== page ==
Friday, September 21, 2012


From oblivion comes energy, and from energy, life. Life then advanced, ever so slowly, into consciousness, and was bursting at the seams from its' biological origins.

From the realization of consciousness, life began to ask questions. Why does it exist? What is the purpose of being? What is good? How did existence come to be?

The answers took on many forms. Some were so in awe of beauty and mystery that they asserted things based on pure intuition, and some could not stop asking questions and discovering, asserting things based on logic. Obviously, these two blended often, for somehow life had attained from instincts that intuition, and from observation that logic.

And so, from oblivion came the fragments of humanity, and they began to explore. Sometimes they killed each other, diminishing their ability to explore, and returned to mere energy on the ball of life they had come to live and die on. Sometimes they came together and produced more life, and experienced the mystery of love with another fragment of humanity, becoming more than they are alone for that time. Sometimes they created images to be heard, sounds to be seen, words to be felt. Sometimes they destroyed the things and fragments dearest to them because they believed in something.

Regardless, oblivion surrounded this life. Not threatening, not dark, not evil. Merely there. Man constructs to escape it, and many lead good and happy lives because of this. Because we create our meaning.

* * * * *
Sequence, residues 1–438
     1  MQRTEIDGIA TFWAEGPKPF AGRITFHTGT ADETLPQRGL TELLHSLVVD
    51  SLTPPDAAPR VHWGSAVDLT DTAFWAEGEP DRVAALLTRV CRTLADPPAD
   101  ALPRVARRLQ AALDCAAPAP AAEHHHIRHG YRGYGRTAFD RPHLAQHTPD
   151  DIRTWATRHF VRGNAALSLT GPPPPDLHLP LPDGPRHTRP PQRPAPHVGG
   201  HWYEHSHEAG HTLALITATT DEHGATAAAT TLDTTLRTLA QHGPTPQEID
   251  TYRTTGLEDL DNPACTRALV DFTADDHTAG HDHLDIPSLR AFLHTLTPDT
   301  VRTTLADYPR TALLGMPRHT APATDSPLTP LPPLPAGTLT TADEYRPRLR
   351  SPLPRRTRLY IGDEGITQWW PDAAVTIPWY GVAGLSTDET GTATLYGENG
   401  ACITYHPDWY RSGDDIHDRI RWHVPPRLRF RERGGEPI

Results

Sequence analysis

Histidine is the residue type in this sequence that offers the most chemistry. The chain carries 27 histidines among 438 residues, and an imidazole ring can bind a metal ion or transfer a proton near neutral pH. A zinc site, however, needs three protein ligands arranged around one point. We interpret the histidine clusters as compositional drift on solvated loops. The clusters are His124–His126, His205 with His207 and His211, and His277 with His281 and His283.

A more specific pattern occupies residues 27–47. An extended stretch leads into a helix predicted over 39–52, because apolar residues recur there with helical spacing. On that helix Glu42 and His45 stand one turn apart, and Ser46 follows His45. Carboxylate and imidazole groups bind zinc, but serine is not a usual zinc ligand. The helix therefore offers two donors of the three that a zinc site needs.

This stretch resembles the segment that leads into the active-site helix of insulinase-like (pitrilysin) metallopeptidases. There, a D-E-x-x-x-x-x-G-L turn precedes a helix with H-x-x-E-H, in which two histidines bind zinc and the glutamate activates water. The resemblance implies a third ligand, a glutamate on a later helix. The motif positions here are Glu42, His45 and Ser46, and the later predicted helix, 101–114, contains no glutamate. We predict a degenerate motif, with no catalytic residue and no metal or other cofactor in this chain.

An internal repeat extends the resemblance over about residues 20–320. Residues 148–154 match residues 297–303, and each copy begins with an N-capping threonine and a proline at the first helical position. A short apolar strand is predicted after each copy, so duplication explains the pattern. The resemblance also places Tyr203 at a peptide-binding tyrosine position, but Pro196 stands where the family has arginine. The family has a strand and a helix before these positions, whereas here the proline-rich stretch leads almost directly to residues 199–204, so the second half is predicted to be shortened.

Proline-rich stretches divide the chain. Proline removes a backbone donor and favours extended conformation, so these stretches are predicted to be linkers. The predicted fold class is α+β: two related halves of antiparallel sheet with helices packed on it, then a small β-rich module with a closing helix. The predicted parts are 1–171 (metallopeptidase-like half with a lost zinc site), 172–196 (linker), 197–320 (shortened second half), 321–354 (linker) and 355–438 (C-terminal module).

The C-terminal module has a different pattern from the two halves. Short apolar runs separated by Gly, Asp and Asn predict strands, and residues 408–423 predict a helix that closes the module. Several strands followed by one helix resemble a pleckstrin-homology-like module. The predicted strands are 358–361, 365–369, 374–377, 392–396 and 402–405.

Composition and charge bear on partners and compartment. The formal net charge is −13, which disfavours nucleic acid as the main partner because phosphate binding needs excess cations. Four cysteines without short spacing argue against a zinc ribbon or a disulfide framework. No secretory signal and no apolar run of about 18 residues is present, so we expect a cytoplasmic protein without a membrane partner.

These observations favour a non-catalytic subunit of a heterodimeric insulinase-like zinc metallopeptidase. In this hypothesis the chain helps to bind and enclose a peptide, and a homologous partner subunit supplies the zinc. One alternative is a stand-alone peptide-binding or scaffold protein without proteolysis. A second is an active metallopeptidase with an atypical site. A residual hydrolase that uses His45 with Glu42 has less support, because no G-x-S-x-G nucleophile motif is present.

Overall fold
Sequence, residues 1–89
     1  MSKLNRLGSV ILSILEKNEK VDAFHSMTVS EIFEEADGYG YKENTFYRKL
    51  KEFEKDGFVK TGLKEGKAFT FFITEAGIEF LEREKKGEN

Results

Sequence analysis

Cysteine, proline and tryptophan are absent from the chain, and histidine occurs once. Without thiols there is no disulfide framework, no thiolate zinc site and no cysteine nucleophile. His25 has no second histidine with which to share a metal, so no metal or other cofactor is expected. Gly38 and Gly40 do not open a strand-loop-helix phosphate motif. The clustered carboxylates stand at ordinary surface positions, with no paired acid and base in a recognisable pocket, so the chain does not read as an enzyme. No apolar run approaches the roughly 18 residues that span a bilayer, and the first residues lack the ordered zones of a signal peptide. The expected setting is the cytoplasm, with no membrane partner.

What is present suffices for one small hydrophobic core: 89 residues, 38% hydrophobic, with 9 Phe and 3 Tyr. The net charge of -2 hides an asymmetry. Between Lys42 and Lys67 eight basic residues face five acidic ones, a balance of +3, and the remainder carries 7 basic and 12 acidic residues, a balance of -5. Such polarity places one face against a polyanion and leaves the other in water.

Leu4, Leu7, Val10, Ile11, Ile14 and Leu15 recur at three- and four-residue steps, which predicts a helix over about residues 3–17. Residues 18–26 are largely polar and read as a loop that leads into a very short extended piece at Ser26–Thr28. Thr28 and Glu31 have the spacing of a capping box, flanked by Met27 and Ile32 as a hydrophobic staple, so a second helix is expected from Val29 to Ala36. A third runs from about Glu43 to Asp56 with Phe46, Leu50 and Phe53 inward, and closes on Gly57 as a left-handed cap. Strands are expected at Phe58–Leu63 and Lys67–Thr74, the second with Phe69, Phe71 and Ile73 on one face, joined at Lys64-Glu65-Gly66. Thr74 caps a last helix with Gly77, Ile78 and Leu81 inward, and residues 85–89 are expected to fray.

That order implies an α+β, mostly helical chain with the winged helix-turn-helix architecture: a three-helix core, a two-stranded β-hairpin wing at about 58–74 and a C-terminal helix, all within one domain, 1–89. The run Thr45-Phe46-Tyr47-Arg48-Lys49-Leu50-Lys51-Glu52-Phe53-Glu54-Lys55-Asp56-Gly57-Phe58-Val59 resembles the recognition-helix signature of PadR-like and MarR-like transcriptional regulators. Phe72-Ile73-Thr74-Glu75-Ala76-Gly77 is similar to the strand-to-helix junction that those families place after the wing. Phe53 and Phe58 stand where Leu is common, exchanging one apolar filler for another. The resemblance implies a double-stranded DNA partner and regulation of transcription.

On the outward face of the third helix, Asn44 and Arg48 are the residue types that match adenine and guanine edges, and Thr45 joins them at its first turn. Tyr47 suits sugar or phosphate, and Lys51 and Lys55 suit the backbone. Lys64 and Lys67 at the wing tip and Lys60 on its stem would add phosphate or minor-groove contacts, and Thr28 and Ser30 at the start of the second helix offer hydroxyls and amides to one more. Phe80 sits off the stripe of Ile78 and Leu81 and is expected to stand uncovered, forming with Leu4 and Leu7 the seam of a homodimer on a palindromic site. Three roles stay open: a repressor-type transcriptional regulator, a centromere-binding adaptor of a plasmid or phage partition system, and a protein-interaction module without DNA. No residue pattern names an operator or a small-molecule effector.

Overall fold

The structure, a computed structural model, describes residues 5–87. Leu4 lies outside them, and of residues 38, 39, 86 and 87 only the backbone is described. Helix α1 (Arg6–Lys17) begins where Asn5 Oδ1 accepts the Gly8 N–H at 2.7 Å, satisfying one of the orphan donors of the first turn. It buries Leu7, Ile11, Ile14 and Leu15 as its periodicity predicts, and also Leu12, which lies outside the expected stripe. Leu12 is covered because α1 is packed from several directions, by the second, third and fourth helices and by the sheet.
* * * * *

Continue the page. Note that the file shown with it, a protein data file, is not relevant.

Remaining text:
Some lose hope, and in purest consciousness, they see the oblivion before them, in them, and all around. They drown in it, become part of the truth of existence, and become one with despair. In their despair, they find that they need something. Some kind of meaning, constructed or not, in order to be happy. This is entirely necessary, and some say that this necessity points back to hope being a part of existence.

If this is correct, then oblivion is not all there is. However, when has desire ever made a thing true? Perhaps some assert that the hope precedes desire, and is the reason it even exists. That is, we construct meaning because there is a greater meaning to existence. Though there is no proof either way, one thing is certain: the simplest explanation is that life has no greater meaning than existing, and we are fortunate to have such creative energy for the time that we have given to us.

One can hope that greater meaning exists, that maybe some religion, some philosophy, some artform's pointing to it are proof that there is something more. It is deeply and truly fortunate for those that can hold this hope in their hearts. Regardless of whether they are right or wrong, they have something greater to live for. Their construction, in and of itself, makes them shine beyond what their base nature is. That is, they are not a machine of logic, needing no one, they are more and greater. The unfortunate side effect of this, of course, could be termed fanaticism, delusion, or faith. The reason this is unfortunate is because this often leads to the diminishment of humanity, when construction is so much better.

Some, however, merely do not want to be alone. They have had their fill of oblivion, and they construct in the hope that it will bring happiness in the simplest sense to others. For these people, all that religion, philosophy and art mean are reflections of the person that create them. Their frontier is others, and every experience is savored, every day full of adventure in the simplest sense.

It is fascinating, what oblivion makes humanity do. Fascinating and, at times, terrifying.

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